And, in the case of the performances and poetry that were shared, their effectiveness and poignancy was only heightened by the all-female-audience. The art presented in gURLs, fixated on female self-determination, is best reflected and received by people who can appreciate the tenuous challenge of being a girl on the web. Belleveau follows, “This was a fantastic revelation for me as I really recognized that this feminine space was gift, and that overall the work we all created, tailored to the specifications of the evening, was completely unique to the female audience we imagined while preparing our pieces.”
The real power of the night will resound beyond the gallery walls, in the Facebook chats, and retweets, and Tumblr posts of the women who performed and attended. What was gained was the activation of a community, one that has been bubbling on the web in separate trajectories, and is just coming into its own. As Salditch explains, what was truly significant about gURLs was not whom it left out, but whom it brought together. She writes, “with gURLs two groups of young female artists that have been in dialogue with one another online—alt lit writers/poets and Internet performance artists—came together in a gallery context.”
gURLs is just the first iteration of rad women meeting on the web and taking those connections to the real world. Meet Female Artists (with a capital F) from gURLs.
Genevieve Belleveau's artistic practice muddles the separation of artist and audience, creating collective experiences of creativity rather than concrete “art objects.” This intent translates ideally into the social media and digital realm, where Belleveau incites communication and collaboration from participants. Examples include Facebook as a reality TV show and "Live Action Troll Play" as a method of social disruption in physical space or Live Action Role Play as metaphor for the theatrical nature of daily life. She is currently in residence at Belle Thalia Creative Arts Space in rural northern Minnesota. She tweets and blogs here.
Gabby Bess’s poetry and performances evoke the displacement and emotional labor of performed femininity. She is the author of Alone With Other People, her debut collection of poetry and fiction published this summer with Civil Coping Mechanisms, and the founding editor of Illuminati Girl Gang, a noted publication that publishes art and literature by women. She tweets and blogs here.
Considered the big sister of Tumblr-based female artists, Kate Durbin’s videos and performances explore the ways in which girl culture evolved with the advent of the net. She particularly focuses on women supporting each other’s come-of-age online. Her curatorial project “Women As Objects” that documents Tumblr images of women by women has been featured in Hyperallergic and Bright Stupid Conffetti.
Ann Hirsch’s videos and performances engage with the contemporary portrayal of women in media. Often acting as an amateur social scientist, Hirsch inserts herself into popular culture, reporting back her findings in the form of art works. Her upcoming performance Playground premieres October 4th at the New Museum. She blogs and tweets here.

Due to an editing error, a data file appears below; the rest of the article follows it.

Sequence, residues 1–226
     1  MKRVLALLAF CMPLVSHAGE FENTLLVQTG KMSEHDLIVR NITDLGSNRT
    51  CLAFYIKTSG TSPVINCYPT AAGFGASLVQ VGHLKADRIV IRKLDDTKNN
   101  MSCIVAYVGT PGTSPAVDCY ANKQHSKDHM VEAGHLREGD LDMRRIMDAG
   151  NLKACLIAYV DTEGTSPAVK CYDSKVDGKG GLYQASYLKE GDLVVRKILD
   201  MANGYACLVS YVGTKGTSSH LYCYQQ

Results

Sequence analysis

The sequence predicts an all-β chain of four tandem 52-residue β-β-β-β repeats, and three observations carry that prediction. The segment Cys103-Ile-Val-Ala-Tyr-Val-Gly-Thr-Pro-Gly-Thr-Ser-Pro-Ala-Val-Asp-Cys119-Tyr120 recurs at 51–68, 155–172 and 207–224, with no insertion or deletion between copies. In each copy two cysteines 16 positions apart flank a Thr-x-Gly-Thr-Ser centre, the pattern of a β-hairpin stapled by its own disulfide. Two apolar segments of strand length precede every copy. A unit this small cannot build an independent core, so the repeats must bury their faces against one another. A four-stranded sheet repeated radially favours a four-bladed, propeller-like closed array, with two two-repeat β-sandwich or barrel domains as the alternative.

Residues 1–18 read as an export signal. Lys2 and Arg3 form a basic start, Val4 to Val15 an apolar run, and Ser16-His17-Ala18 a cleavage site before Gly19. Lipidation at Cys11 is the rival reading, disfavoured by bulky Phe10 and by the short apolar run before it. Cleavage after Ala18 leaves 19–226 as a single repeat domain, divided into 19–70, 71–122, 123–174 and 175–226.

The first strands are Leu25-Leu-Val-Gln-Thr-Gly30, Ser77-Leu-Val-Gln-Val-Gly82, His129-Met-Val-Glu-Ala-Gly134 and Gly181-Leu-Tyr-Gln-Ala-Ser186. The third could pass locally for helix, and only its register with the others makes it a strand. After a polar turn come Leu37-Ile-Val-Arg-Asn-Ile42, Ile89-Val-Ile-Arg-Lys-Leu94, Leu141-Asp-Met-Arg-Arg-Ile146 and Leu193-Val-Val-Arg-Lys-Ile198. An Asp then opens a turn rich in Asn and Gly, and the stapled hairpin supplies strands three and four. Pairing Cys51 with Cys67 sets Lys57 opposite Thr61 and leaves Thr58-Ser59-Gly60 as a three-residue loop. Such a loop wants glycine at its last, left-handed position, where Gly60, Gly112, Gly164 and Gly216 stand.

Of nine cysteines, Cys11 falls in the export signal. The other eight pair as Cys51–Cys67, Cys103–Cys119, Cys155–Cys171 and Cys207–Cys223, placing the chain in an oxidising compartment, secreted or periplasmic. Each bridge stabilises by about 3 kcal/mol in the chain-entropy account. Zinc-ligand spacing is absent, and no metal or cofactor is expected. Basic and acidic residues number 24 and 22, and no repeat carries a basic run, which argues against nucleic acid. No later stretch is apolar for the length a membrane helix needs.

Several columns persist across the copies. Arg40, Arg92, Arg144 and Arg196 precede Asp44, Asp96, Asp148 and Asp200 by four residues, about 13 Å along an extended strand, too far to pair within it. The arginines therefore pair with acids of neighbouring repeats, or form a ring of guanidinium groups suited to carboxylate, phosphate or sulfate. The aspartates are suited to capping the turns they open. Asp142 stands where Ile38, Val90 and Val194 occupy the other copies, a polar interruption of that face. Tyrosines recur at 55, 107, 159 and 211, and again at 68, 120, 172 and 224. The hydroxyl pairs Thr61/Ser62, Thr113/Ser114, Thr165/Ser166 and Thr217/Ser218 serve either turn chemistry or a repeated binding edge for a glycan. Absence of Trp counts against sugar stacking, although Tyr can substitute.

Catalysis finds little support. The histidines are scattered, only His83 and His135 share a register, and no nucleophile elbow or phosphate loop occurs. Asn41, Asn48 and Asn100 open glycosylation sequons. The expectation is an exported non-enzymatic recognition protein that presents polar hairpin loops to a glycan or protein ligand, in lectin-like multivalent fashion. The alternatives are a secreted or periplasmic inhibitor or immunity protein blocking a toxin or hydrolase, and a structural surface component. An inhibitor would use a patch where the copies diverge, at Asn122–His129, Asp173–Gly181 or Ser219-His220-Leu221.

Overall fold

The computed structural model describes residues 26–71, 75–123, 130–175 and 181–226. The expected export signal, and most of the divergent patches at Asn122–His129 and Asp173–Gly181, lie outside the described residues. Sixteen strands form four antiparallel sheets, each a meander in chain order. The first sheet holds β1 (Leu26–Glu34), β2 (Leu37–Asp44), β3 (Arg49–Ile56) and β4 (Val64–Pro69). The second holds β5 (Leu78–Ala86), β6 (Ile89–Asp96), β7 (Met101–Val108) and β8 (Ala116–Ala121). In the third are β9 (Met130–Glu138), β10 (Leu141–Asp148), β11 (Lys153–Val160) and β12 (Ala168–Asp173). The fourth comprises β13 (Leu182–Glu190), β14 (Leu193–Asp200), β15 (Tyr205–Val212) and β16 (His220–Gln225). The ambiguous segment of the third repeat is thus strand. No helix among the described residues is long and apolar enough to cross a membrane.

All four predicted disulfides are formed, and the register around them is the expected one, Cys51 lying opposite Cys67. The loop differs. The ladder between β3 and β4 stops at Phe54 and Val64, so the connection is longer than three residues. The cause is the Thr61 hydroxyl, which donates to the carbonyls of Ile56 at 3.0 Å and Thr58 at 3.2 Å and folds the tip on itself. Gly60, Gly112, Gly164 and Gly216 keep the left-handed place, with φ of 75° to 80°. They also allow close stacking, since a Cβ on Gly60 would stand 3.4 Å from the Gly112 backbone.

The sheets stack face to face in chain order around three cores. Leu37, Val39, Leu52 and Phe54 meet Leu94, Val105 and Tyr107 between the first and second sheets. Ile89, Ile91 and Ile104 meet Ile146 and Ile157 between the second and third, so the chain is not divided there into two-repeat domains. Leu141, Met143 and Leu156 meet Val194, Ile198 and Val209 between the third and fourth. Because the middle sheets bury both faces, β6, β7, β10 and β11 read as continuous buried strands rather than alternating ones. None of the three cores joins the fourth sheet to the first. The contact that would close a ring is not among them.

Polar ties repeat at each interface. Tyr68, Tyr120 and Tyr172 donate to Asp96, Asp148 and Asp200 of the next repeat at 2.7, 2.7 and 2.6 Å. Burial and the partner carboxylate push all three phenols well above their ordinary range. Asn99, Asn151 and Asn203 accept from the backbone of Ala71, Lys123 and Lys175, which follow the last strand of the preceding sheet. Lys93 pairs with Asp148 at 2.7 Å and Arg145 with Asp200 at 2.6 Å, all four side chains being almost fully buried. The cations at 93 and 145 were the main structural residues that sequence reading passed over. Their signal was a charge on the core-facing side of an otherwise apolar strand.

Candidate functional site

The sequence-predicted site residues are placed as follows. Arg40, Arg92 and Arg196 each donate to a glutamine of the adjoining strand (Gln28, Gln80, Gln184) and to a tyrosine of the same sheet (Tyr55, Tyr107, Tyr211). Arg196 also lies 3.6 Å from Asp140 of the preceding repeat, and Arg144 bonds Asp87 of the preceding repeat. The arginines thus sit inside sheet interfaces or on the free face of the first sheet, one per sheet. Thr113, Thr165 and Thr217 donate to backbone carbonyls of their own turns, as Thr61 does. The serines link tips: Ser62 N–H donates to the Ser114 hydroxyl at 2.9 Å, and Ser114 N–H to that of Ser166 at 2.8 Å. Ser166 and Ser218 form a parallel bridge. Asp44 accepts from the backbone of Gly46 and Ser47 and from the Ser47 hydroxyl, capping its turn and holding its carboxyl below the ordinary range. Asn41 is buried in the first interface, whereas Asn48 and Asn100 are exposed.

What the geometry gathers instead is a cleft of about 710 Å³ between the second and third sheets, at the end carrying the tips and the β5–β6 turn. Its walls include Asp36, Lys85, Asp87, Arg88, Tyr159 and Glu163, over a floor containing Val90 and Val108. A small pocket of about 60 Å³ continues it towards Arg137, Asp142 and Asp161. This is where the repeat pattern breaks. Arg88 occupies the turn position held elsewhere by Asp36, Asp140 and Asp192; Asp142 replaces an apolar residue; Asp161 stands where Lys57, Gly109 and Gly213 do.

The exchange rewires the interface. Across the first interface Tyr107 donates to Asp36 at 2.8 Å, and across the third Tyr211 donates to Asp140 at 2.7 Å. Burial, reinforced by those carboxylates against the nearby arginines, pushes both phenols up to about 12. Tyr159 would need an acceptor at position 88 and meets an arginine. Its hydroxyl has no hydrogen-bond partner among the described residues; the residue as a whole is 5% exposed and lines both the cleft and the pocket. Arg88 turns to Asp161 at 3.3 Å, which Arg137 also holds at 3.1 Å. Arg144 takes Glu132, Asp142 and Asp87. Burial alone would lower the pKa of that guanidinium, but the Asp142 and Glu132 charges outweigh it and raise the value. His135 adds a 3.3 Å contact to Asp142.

Bunny Rogers’ performances and poetry destabilize notions of female adolescence, conjuring sexual introductions and sentimental longing for lost innocence. Her work has been exhibited in New York and Portland with an upcoming dual exhibition with Jasper Spicero in London. Her debut poetry collection My Apologies Accepted will be published in 2014 with Civil Coping Mechanisms. She maintains a personal website and a poetry blog.
Zoë Salditch is a community organizer of Internet culture. In the past she worked as Program Direcot of Rhizome and is currently the Communications Director at Eyebeam. She tweets here.
Martine Syms is a conceptual entrepreneur based in Los Angeles, California. Her work examines the assumptions of contemporary American culture, focusing on the relationships between commercialism, identity and experience. She documents various narratives, ideologies, representations and omissions of the Other within everyday culture. She tweets here.
Angela Washko is an artist and facilitator devoted to mobilizing communities and creating new forums for discussions of feminism where they do not exist through actions, interventions, videos, and performances—sometimes in video games. She founded the Council on Gender Sensitivity and Behavioral Awareness in World of Warcraft in early 2012 as a platform for discussing gender politics in stereotypically misogynistic game spaces.She tweets here.
Rachel Rabbit White
Rachel R. White is a writer interested in exploring spaces between female friendship, spirituality, sexuality, and self destruction. She is interested in ‘life as a performance’ and in bridging the distance between viewer and performer. White has written hundreds of pieces of journalism and personal essays for publications like the New York Observer, NYMag.com, Thought Catalog and Vice. She assisted Zoe Salditch with the show’s curating. She blogs and tweets here.
Jenny Zhang released her first book-length collection of poetry, Dear Jenny, We Are All Find, with Octopus Books this March. She currently lives in New York and writes for Rookie magazine. She tweets here.